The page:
The Jesuits

Society of Jesus

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Society of Jesus
Ihs-logo.svg
Abbreviation S.J., Jesuits
Motto Ad maiorem Dei gloriam
For the Greater Glory of God
Formation 27 September 1540; 475 years ago
Type Catholic religious order
Headquarters Church of the Gesù (Mother Church), General Curia (administration)
Location
  • Rome, Italy
Coordinates 41°54′4.9″N 12°27′38.2″ECoordinates: 41°54′4.9″N 12°27′38.2″E
Very Rev. Adolfo Nicolás, S.J.
Key people
Ignatius of Loyola— co-founder
Francis Xavier— co-founder
Peter Faber— co-founder
Main organ
General Curia
Staff
16,740
Website www.sjweb.info
Society of Jesus

History of the Jesuits
Regimini militantis
Suppression

Jesuit Hierarchy
Superior General
Adolfo Nicolás

Ignatian Spirituality
Spiritual Exercises
Ad majorem Dei gloriam
Magis

Notable Jesuits
St. Ignatius of Loyola
St. Francis Xavier
St. Peter Faber
St. Aloysius Gonzaga
St. Robert Bellarmine
St. Peter Canisius
St. Edmund Campion
Pope Francis

The Society of Jesus (Latin: Societas Iesu, S.J., SJ or SI) is a male religious congregation of the Catholic Church. The members are called Jesuits. The society is engaged in evangelization and apostolic ministry in 112 nations on six continents. Jesuits work in education (founding schools, colleges, universities and seminaries), intellectual research, and cultural pursuits. Jesuits also give retreats, minister in hospitals and parishes, and promote social justice and ecumenical dialogue.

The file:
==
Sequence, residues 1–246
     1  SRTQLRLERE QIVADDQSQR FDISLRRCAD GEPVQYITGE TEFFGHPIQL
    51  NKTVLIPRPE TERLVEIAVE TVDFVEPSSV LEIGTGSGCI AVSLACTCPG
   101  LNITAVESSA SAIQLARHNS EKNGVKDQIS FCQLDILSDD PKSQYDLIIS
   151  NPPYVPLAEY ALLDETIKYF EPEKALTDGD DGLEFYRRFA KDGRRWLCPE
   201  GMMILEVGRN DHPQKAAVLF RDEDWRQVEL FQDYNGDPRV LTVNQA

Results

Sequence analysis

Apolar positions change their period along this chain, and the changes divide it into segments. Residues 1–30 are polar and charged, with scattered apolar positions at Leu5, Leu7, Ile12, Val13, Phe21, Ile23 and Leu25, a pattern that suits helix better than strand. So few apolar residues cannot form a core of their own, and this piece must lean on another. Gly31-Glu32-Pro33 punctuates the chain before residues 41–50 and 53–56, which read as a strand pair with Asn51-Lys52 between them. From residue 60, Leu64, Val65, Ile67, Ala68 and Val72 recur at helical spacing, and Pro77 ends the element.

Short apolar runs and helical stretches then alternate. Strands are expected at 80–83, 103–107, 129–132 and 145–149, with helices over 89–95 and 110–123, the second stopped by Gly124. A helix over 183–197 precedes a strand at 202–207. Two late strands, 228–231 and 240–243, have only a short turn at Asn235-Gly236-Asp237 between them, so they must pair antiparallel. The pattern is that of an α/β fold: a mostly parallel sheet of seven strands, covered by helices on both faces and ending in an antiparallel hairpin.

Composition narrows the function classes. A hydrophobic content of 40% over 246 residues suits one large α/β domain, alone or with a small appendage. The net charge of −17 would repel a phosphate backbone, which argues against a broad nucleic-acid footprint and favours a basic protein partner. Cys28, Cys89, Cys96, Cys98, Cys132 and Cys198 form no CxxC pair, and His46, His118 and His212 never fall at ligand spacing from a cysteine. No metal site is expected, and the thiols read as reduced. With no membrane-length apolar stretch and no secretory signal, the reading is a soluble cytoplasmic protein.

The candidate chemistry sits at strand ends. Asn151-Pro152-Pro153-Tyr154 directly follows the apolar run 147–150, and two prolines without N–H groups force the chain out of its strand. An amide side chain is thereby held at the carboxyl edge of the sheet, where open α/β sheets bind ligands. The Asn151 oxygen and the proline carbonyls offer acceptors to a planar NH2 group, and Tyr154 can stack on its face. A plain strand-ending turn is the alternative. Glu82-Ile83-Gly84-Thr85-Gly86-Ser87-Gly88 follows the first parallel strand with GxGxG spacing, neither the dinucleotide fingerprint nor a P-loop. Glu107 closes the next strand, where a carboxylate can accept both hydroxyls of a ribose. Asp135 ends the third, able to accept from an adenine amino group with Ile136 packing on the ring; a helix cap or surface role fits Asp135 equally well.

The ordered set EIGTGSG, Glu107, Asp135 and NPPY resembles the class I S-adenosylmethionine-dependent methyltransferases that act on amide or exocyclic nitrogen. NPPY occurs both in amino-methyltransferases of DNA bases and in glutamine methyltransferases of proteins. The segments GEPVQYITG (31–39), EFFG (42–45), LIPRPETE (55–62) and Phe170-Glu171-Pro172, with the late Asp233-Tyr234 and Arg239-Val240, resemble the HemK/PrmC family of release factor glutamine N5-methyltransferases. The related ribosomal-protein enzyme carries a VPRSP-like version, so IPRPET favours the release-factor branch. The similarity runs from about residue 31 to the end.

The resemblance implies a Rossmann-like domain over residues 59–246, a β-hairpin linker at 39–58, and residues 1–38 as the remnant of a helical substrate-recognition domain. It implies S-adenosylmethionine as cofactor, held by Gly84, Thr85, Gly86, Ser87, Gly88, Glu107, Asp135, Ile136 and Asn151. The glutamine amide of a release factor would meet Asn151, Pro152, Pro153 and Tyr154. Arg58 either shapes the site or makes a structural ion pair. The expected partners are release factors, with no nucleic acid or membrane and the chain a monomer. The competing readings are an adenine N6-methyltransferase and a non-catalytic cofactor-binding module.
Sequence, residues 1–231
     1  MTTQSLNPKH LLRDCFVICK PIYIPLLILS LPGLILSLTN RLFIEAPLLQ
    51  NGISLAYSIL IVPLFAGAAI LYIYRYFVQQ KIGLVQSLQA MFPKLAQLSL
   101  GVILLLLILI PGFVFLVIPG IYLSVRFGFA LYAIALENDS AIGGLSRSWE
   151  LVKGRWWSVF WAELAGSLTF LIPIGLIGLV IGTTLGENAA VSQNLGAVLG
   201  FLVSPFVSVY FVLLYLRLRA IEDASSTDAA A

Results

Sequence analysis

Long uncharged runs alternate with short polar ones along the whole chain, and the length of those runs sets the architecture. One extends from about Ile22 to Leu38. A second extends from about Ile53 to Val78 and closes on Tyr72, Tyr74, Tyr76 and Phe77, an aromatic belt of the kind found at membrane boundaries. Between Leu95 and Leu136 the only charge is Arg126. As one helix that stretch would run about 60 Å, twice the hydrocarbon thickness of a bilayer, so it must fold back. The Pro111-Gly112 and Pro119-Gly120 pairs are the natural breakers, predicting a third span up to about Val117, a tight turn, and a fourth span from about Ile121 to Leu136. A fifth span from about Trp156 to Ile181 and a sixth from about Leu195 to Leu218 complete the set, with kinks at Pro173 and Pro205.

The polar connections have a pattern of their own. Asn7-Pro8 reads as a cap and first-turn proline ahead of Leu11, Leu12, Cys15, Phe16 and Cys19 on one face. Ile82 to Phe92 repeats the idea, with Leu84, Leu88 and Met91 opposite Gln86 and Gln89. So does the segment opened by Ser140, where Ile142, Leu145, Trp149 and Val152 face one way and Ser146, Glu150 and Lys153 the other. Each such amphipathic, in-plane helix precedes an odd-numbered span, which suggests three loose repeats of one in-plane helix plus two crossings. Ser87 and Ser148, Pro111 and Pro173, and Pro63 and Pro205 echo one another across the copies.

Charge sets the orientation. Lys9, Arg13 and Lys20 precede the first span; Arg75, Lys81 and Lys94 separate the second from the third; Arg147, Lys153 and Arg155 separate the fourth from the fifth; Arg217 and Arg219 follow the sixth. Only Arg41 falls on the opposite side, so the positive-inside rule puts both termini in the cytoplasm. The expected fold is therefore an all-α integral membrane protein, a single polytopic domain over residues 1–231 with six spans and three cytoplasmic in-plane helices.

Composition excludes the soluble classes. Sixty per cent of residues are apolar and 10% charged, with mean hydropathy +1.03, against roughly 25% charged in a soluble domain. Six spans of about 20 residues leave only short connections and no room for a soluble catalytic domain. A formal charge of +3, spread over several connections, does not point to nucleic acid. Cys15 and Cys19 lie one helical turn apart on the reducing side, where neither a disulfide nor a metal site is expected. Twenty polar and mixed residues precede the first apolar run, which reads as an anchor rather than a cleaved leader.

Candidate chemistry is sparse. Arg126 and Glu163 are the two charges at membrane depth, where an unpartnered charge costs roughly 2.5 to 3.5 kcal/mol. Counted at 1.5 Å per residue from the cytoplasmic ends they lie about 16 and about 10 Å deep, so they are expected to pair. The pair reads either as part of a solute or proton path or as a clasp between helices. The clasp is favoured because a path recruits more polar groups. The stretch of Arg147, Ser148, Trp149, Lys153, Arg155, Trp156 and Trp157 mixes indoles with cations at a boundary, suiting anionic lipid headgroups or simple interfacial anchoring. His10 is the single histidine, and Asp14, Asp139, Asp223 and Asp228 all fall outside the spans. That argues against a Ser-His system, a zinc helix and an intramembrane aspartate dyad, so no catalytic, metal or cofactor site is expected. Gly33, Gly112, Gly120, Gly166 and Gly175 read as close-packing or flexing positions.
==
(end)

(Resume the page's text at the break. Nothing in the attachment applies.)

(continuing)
Ignatius of Loyola founded the society after being wounded in battle and experiencing a religious conversion. He composed the Spiritual Exercises to help others follow the teachings of Jesus Christ. In 1534, Ignatius and six other young men, including Francis Xavier and Peter Faber, gathered and professed vows of poverty, chastity, and later obedience, including a special vow of obedience to the Pope in matters of mission direction and assignment. Ignatius’s plan of the order’s organization was approved by Pope Paul III in 1540 by a bull containing the “Formula of the Institute”.

Ignatius was a nobleman who had a military background, and the members of the society were supposed to accept orders anywhere in the world, where they might be required to live in extreme conditions. Accordingly, the opening lines of the founding document declared that the Society was founded for “whoever desires to serve as a soldier of God[1] (Spanish: “todo el que quiera militar para Dios”),[2] to strive especially for the defense and propagation of the faith and for the progress of souls in Christian life and doctrine.”[3] Jesuits are thus sometimes referred to colloquially as “God’s Soldiers”,[4] “God’s Marines”, or “the Company”, references to Ignatius’ history as a soldier and the society’s commitment to accepting orders anywhere and to endure any conditions.[5] The Society participated in the Counter-Reformation and, later, in the implementation of the Second Vatican Council in the Catholic Church.

The Society of Jesus is consecrated under the patronage of Madonna Della Strada, a title of the Blessed Virgin Mary, and it is led by a Superior General, currently Adolfo Nicolás.[6][7]

The headquarters of the society, its General Curia, is in Rome.[8] The historic curia of St. Ignatius is now part of the Collegio del Gesù attached to the Church of the Gesù, the Jesuit Mother Church.

In 2013, Jorge Mario Bergoglio became the first Jesuit Pope, as Pope Francis.